:link and :visited are mutually exclusive
One thing that bit me once while writing some CSS, was the
:link pseudo-class. Apparently, it is applied to all links that have not yet been visited. This is in contrast to what, for example, the MDN docs say and what I had assumed based on the name (I would assume that
:link refers to all links, not just the not-yet-visited ones).
The CSS specification clearly states what
User agents commonly display unvisited links differently from previously visited ones. Selectors provides the pseudo-classes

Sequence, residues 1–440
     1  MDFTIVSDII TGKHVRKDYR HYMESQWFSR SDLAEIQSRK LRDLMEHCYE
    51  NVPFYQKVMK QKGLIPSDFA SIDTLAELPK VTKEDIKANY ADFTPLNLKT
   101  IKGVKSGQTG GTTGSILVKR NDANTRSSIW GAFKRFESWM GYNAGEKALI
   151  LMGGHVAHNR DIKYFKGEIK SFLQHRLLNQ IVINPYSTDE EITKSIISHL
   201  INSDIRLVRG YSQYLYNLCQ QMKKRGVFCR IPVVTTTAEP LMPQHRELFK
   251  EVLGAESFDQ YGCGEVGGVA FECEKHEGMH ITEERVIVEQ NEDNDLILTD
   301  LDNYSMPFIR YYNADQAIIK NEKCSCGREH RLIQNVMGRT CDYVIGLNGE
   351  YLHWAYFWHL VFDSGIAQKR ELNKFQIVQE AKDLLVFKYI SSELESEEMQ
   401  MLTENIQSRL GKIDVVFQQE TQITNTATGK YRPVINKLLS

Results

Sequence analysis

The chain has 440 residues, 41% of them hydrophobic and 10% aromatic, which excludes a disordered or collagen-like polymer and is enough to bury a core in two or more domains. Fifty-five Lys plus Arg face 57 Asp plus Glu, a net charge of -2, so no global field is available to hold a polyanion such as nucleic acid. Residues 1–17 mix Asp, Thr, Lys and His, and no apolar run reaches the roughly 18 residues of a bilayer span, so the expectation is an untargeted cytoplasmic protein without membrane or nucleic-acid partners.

:visitedto distinguish them:
:linkpseudo-class applies to links that have not yet been visited.
:visitedpseudo-class applies once the link has been visited by the user.
After some amount of time, user agents may choose to return a visited link to the (unvisited) ‘
The two states are mutually exclusive.
The usually-correct MDN docs say something quite different:
:linkCSS pseudo-class lets you select links inside elements. This will select any link, even those already styled using selector with other link-related pseudo-classes like
:visited. In order to style only non-visited links, you need to put the
:linkrule before the other ones, as defined by the LVHA-order:
:focuspseudo-class is usually placed right before or right after
:hover, depending of the expected effect.
Luckily, webplatform.org is right. It almost literally copies the description from the CSS specification as quoted above.